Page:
Lewis, Roca, Scoville, Beauchamp & Linton, and John J. Flynn, Phoenix, for appellant.
[91 Ariz. 220] Robert W. Pickrell, Atty. Gen., Stirley Newell, Asst. Atty. Gen., Charles N. Ronan, County Atty., Joseph Shaw, Deputy County Atty., for appellee.
Defendant was tried and convicted of the statutory rape of a sixteen-year-old girl. From the conviction he appeals.
The facts of the case are that about nine o'clock on the evening of July 18, 1960 the prosecutrix, being then sixteen years of age, was out looking for her younger brother. At 19th Avenue and Yavapai she was stopped by a man in a car (identified by her as the defendant) who showed her a badge and said he was a juvenile officer. He said it was after curfew and asked her what she was doing. After explaining that she was looking for her younger brother he offered to help look for him. She thereupon got into his car and they drove west on Buckeye Road. When they reached 35th Avenue he told her he was taking her to the juvenile home to check the records, since she insisted that she had never been in trouble. Instead, he drove south on 35th Avenue and onto a dirt road where he forcibly raped her.
At the trial he court permitted Norma _____, a witness for the state, to testify that about ten o'clock on the morning of July 18, 1960 the defendant had stopped her, showed her a badge and asked her name and age. He also asked whether she had ever been in the Good Shepherd Home (a detention home for female juveniles), as well as a number of other personal questions. He then asked her if she would go with him, to which she replied 'no'. As he drove off she worte down the license number of his car and reported it to the police. She identified the defendant in a line-up the next day and also at the trial. The evidence was offered by the State to show a distinctive plan or scheme used by the defendant by which he could be identified.
Two assignments of error were made by the defendant, the first being that the trial court erred in admitting into evidence, over defendant's objection, the testimony of Norma _____. It is defendant's contention that the admission into evidence of the testimony did not fall within the exceptions to the general rule regarding evidence of other crimes and therefore should not have been admitted to show a common plan, scheme or identity. He contends that the essential fact necessary to bring her testimony under the exception to the general rule was missing, namely, that a rape or attempted rape was committed upon her, or such other similar and related crime.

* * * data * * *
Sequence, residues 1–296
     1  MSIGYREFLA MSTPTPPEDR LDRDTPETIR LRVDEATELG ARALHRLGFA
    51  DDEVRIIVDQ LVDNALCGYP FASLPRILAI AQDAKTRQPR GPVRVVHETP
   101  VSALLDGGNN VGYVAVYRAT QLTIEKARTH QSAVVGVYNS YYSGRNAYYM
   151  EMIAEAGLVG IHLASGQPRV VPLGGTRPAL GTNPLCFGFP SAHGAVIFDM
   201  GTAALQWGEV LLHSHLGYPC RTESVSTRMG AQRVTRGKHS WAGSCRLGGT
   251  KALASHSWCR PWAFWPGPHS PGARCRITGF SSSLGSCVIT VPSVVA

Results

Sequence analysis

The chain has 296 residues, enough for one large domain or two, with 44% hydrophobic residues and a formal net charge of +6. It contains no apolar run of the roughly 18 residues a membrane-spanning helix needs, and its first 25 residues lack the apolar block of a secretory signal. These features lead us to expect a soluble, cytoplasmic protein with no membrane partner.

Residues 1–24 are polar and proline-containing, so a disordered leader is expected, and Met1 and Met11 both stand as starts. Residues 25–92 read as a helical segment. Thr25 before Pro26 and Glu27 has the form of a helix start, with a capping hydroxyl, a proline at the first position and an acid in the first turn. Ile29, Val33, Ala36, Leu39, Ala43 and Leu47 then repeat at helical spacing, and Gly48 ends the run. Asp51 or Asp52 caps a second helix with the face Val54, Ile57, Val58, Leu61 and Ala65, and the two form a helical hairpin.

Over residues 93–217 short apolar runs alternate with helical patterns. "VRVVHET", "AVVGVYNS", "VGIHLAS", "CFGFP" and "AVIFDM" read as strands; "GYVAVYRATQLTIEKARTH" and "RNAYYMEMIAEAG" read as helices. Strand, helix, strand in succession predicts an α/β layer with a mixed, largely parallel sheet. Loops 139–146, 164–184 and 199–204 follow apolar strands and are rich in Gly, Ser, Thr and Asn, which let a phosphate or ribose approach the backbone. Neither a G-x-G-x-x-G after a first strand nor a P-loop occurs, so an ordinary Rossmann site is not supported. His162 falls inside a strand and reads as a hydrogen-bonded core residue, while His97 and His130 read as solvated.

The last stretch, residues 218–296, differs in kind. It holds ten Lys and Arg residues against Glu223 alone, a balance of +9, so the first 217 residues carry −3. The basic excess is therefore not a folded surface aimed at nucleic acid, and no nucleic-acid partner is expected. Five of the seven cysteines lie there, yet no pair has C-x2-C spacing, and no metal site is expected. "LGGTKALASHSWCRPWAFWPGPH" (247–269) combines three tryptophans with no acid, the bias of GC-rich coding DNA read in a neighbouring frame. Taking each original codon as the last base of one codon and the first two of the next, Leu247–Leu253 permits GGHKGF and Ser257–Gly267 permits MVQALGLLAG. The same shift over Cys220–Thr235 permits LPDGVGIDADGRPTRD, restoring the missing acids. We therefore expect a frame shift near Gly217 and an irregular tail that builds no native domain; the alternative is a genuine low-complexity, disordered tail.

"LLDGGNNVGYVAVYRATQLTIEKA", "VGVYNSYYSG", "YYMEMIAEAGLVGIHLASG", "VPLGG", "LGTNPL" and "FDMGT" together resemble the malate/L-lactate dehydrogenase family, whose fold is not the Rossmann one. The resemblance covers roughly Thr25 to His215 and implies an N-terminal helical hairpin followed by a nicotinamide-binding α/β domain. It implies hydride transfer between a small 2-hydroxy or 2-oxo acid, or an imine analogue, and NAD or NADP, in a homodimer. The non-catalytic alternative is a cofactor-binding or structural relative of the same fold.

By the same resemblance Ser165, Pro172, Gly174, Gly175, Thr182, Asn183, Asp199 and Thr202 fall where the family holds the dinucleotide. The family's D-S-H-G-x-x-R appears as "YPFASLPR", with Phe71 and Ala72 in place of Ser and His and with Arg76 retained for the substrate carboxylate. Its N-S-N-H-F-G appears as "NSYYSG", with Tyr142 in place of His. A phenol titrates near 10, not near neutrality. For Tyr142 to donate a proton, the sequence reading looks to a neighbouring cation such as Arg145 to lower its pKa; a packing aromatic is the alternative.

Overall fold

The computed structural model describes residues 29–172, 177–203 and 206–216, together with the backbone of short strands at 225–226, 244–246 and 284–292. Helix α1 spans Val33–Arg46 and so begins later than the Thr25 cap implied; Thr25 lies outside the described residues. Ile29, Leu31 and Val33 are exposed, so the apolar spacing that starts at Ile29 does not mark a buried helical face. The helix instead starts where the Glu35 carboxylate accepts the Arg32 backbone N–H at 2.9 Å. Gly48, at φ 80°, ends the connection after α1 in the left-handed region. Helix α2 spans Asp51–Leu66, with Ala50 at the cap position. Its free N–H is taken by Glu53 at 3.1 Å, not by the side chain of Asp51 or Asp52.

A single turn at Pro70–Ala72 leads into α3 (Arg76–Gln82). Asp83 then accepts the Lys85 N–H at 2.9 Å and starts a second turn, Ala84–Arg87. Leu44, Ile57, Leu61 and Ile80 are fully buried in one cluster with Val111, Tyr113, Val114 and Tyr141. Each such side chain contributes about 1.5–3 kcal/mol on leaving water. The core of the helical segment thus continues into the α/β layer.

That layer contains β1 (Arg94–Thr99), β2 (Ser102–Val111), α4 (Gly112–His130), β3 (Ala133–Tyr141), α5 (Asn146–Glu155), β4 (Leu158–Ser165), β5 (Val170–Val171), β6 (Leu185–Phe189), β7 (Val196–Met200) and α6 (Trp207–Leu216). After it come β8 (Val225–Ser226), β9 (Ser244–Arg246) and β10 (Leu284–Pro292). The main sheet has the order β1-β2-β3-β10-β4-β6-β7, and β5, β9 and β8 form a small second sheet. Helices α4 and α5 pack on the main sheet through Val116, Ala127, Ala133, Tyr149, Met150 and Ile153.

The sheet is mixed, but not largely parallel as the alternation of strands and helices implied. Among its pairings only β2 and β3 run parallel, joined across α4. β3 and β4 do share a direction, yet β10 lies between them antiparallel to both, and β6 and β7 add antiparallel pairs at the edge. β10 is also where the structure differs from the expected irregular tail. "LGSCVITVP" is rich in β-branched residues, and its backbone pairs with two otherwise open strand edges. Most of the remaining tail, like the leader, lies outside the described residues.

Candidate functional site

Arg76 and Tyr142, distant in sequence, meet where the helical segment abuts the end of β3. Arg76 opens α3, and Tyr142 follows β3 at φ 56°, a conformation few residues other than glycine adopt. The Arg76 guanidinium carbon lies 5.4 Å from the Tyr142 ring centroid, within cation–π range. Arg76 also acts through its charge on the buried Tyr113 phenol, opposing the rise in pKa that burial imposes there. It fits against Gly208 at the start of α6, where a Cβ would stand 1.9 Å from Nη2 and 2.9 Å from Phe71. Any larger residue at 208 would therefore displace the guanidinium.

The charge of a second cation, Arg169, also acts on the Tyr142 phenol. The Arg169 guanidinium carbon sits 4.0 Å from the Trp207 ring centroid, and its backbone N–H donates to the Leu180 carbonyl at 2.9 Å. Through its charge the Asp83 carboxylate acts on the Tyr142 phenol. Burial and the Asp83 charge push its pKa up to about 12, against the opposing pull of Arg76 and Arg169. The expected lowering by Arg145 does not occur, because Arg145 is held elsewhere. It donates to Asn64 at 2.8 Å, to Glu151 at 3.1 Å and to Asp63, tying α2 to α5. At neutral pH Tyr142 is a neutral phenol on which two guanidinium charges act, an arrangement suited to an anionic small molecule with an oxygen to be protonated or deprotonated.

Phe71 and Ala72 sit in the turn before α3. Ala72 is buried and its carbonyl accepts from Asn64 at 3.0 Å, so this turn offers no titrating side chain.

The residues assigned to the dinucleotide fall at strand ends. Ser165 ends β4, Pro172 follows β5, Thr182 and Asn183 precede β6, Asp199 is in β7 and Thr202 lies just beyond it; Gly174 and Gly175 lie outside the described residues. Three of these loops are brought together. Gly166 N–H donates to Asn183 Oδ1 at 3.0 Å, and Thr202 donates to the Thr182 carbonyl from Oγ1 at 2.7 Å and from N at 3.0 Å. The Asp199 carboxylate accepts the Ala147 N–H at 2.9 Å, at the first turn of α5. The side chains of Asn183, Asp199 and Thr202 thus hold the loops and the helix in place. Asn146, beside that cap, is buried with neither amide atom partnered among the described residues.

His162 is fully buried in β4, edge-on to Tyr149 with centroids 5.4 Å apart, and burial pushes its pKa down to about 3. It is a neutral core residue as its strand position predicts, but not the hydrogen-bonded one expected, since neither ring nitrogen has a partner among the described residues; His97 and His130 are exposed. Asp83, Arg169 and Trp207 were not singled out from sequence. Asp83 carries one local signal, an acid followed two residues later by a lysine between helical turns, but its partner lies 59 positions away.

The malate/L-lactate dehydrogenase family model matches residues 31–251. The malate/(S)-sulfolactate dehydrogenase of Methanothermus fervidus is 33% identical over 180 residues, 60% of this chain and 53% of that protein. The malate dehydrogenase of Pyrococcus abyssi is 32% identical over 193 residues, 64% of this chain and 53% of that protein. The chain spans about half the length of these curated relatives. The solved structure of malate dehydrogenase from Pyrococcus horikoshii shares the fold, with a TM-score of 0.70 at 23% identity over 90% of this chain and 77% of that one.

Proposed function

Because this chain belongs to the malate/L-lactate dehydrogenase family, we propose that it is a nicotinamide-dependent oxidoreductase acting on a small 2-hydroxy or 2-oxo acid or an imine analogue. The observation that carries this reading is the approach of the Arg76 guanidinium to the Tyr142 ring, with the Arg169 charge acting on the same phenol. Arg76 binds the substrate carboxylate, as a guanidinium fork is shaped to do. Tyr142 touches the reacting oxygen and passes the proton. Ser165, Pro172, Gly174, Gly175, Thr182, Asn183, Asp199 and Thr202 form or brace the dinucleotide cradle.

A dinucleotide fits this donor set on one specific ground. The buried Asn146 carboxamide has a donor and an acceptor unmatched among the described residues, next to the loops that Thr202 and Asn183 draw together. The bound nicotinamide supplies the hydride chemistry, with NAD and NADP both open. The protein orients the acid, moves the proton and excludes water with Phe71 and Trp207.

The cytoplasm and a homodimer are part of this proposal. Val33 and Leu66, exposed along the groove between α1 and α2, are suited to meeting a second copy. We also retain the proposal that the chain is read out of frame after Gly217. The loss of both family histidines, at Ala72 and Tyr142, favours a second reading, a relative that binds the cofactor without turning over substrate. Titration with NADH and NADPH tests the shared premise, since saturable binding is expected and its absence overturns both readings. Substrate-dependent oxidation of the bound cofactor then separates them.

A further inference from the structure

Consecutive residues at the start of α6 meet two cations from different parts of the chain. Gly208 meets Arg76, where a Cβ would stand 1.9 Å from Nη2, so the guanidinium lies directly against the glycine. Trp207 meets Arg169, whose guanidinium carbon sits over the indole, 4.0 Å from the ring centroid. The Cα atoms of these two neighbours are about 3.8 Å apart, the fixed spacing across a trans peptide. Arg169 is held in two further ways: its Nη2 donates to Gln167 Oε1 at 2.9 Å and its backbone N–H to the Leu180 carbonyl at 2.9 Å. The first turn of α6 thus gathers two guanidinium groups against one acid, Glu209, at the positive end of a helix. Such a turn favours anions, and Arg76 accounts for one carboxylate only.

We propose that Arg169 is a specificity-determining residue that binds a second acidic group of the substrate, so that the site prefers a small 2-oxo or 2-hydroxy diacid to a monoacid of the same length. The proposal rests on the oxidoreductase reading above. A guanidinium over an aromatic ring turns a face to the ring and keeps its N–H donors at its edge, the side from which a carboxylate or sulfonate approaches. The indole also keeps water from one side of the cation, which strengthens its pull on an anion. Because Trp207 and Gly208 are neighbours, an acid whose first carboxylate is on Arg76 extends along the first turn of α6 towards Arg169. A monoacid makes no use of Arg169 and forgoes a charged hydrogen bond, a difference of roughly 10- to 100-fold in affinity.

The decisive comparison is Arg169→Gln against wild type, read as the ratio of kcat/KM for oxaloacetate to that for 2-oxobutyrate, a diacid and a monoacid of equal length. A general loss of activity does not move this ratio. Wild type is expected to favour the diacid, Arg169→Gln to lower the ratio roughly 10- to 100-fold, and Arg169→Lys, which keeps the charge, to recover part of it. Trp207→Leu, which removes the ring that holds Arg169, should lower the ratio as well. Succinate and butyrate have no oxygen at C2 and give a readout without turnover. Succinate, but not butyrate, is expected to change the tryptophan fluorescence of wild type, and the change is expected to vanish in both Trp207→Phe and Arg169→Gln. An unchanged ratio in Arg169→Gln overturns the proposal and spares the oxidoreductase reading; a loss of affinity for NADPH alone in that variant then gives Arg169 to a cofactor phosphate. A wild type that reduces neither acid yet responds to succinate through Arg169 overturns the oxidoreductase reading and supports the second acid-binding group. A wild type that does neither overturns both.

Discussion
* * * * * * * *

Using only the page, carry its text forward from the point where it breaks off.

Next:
Defendant argues that the distinctive act by which he has been identified by the witness is fully dissimilar from the act of which he is charged and therefore should not be admitted for the purpose of identity. He maintains that if during the first act [91 Ariz. 221] he had actually raped or attempted to rape the witness, then it might be admissible to prove identity or common scheme. But, he contends, by merely showing that the person has impersonated an officer does not further prove that he committed the crime of rape. He states that the one thing and the only thing that it might have a tendency to prove is that he might be guilty of impersonating an officer. Thus, he contends, although the identity of the defendant may have been established by such act, it did not establish the identity of the defendant as the prosecutrix's assailant. Therefore, he argues, such evidence was completely immaterial and irrelevant insofar as the crime charged was concerned.
It is, of course, the general rule that evidence of separate and independent crimes is inadmissible to prove the guilt of a person on trial for a criminal offense. However, there are certain well-established exceptions to this general rule. One of these exceptions is that evidence is admissible where it tends to aid in identifying the accused as the person who committed the particular crime under investigation. James v. State, 53 Ariz. 42, 84 P.2d 1081 (1938); Lawrence v. State, 29 Ariz. 247, 240 P. 863, rehearing denied, 29 Ariz. 318, 241 P. 511, certiorari denied, 269 U.S. 585, 46 S.Ct. 201, 70 L.Ed. 425 (1925); Crowell v. State, 15 Ariz. 66, 136 P. 279 (1913).
In the instant case identity of the assailant was in issue, the defendant having filed a notice of alibi. It was, in fact, the only issue. The State was trying to establish identity by showing that both the defendant and the assailant used a distinctive device, namely, the impersonation of an officer in order to intimidate young girls. The distinctive device of impersonation, the questions asked, and the attempted pickup was unusual enough to be relevant in establishing identity. For, as stated in Daniels v. State, 243 Ala. 675, 681, 11 So.2d 756, 761, certiorari denied, 319 U.S. 755, 63 S.Ct. 1168, 87 L.Ed. 1708 (1943):
'* * * where a crime has been committed * * * in a peculiar or unusual manner, evidence of recent similar acts or crimes by the accused committed by the same means or in the same manner are probable to identify the accused as an inference from the similarity of method.' (Emphasis supplied.)
Defendant also contends that any past conduct on the part of the defendant must in fact have been criminal or tend directly
to prove the defendant guilty of the particular crime with which he is charged or else it does not fall within one of the exceptions to the general rule. He cites People v. Byrnes, 27 Cal.App. 79, 148 P. 944 (1915) in support of such proposition.
[91 Ariz. 222] However, where the identity of the defendant is the question in issue, any fact which tends to establish the identity has probative value and if offered for that purpose it is receivable. Other acts or crimes may be shown if they are relevant, regardless of their criminal character. James v. State, supra; State v. Lawrence, supra. See also I Wigmore, Evidence, 3rd ed. § 216. But see Stat ...